Alan--It's okay---I'm going a bit mad these days. I don't have any real design work, I'm waiting for all my authors to publish something new so I'll have a good book to read. My yard-work is all caught up, and I'm too old to drink whiskey or chase women. I did have the only other model engineer in Barrie over for a couple of hours this morning and we sat and talked machinery and told lies to each other for a while but he's gone home now. I may build this clutch, #1-Just to see if I can, and #2-to give me something to do other than watch the idiot box.---Brian
Title: Re: How does this clutch work?
Post by: crueby on September 21, 2018, 07:32:19 PM
Alan--It's okay---I'm going a bit mad these days. I don't have any real design work, I'm waiting for all my authors to publish something new so I'll have a good book to read. My yard-work is all caught up, and I'm too old to drink whiskey or chase women. I did have the only other model engineer in Barrie over for a couple of hours this morning and we sat and talked machinery and told lies to each other for a while but he's gone home now. I may build this clutch, #1-Just to see if I can, and #2-to give me something to do other than watch the idiot box.---Brian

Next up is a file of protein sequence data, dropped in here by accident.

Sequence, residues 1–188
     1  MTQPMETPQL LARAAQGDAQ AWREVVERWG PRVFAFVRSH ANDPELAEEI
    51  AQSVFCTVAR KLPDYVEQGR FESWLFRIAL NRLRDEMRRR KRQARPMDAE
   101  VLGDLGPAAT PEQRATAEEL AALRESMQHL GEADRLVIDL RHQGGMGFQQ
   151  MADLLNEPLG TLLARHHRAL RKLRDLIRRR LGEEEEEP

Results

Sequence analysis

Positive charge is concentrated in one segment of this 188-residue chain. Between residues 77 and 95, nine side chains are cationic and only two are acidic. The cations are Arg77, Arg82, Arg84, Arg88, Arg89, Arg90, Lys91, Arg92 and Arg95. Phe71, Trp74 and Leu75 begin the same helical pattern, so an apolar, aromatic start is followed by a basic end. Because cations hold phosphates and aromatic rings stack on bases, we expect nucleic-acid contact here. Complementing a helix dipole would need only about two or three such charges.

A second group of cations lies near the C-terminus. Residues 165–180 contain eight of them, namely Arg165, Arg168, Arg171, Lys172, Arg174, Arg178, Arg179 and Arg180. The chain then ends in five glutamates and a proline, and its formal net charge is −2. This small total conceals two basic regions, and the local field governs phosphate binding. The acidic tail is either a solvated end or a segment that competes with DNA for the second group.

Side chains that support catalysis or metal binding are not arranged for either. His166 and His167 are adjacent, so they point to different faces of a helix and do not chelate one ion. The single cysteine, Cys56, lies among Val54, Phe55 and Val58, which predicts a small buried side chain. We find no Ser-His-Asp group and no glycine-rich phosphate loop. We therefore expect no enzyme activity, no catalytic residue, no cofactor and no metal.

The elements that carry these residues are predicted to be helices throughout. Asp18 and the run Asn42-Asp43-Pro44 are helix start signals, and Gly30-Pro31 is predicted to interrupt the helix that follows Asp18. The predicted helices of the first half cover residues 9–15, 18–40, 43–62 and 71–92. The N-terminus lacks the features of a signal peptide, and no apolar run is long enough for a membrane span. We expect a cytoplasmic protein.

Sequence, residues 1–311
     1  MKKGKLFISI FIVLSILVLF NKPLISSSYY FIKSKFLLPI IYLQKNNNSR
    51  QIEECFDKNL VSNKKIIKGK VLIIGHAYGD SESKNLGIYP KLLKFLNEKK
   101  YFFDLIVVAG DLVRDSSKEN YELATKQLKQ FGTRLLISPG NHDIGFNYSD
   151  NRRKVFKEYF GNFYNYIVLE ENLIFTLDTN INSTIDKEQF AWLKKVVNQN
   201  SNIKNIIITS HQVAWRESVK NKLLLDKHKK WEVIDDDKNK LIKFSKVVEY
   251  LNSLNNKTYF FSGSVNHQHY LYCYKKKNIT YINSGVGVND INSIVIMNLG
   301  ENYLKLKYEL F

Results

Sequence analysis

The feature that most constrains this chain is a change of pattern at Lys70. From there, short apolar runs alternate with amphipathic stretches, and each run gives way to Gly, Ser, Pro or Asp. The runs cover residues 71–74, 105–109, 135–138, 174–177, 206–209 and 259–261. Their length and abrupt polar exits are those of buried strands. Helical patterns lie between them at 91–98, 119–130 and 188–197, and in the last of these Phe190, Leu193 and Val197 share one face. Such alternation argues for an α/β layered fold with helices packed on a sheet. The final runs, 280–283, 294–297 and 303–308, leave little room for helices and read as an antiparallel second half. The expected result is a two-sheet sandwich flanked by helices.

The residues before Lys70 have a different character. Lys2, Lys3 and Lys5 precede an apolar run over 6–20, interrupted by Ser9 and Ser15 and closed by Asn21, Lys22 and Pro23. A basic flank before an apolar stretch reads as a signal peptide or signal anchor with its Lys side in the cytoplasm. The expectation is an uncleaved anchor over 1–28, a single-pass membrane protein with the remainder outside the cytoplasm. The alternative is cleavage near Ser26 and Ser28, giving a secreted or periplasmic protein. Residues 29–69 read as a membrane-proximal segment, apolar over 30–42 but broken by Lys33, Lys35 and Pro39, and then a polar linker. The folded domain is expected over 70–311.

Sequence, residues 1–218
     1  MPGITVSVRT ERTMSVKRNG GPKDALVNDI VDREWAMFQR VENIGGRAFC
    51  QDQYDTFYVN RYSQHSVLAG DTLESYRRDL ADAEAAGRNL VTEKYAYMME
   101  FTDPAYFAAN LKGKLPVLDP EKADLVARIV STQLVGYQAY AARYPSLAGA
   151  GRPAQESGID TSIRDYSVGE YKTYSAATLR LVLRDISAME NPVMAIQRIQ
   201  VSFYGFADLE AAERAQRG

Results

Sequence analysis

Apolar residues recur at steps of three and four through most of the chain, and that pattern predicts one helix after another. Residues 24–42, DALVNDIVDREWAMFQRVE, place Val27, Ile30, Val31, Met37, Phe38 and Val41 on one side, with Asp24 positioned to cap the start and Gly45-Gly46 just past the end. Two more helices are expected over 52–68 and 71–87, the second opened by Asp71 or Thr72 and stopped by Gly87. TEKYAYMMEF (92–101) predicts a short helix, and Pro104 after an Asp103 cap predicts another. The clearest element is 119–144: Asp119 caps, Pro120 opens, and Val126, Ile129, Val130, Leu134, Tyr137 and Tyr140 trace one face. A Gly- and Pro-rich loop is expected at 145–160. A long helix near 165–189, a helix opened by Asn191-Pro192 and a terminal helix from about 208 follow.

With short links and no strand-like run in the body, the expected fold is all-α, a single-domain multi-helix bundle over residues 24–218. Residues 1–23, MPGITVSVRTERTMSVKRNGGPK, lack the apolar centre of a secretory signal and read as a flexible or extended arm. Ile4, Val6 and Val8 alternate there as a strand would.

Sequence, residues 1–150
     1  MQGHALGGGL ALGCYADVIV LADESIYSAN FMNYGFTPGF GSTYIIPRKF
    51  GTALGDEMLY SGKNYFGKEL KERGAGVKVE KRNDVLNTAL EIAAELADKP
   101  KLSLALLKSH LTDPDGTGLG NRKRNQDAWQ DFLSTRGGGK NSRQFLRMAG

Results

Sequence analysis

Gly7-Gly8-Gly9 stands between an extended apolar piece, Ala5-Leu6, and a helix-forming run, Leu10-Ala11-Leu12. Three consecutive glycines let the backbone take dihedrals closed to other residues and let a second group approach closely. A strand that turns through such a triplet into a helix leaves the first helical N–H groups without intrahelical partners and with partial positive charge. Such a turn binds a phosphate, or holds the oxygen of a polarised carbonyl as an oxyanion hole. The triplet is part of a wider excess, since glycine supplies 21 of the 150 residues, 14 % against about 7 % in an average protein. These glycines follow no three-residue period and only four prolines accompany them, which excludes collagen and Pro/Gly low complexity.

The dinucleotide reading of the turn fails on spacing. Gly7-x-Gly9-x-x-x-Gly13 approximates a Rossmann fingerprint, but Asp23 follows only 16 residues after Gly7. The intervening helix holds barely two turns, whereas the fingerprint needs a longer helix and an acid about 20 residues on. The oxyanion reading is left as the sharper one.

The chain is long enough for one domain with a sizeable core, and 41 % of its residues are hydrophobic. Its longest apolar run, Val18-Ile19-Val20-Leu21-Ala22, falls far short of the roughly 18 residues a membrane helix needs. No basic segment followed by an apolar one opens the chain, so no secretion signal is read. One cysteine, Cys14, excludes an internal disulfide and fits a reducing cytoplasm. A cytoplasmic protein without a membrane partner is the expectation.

Brian, perhaps you may need a large model project, a vehicle or construction machine - great variety of parts, and many of them, something to keep you busy over a longer time. Lots of plan books (Kozo, etc) for locos and other types, maybe an early style Formula 1 or Indy style car...
Title: Re: How does this clutch work?
Post by: Brian Rupnow on September 21, 2018, 08:58:23 PM
I decided that shrinking the clutch to 1/3 of it's original size was just going to make components too small, so I just spent a couple of hours shrinking everything to 1/2 size. In the large version it is configured for a 1" diameter shaft. In the small version it is configured for a 1/2" diameter shaft.
This brings it into a more "doable" size range.
(https://imageshack.com/a/img923/1341/Y3nob9.jpg)
Title: Re: How does this clutch work?
Post by: Brian Rupnow on September 21, 2018, 09:01:01 PM
Chris--If I ever did what you advise, I would work myself right to death trying to finish it. I get so "into" whatever I am making, I find it hard to take time out to eat or sleep. I like these smaller projects that have a 30 day timeline.
Title: Re: How does this clutch work?
Post by: BillTodd on September 22, 2018, 12:19:31 AM
I don't think you need the :over centre' locking mechanism Brian .

Unless your clutch friction material is very compliant, and able to provide the traction pressure itself , the clutch will lack grip when over the peak . The collet closer on my hardinge uses pretty much the same finger lever as your design but has a flat after the expanding section , so once the closing force reaches maximum it stays at that level with the lever held in place by the friction of the fingers on thr flat section only.

Bill
Title: Re: How does this clutch work?
Post by: Brian Rupnow on September 22, 2018, 01:08:42 AM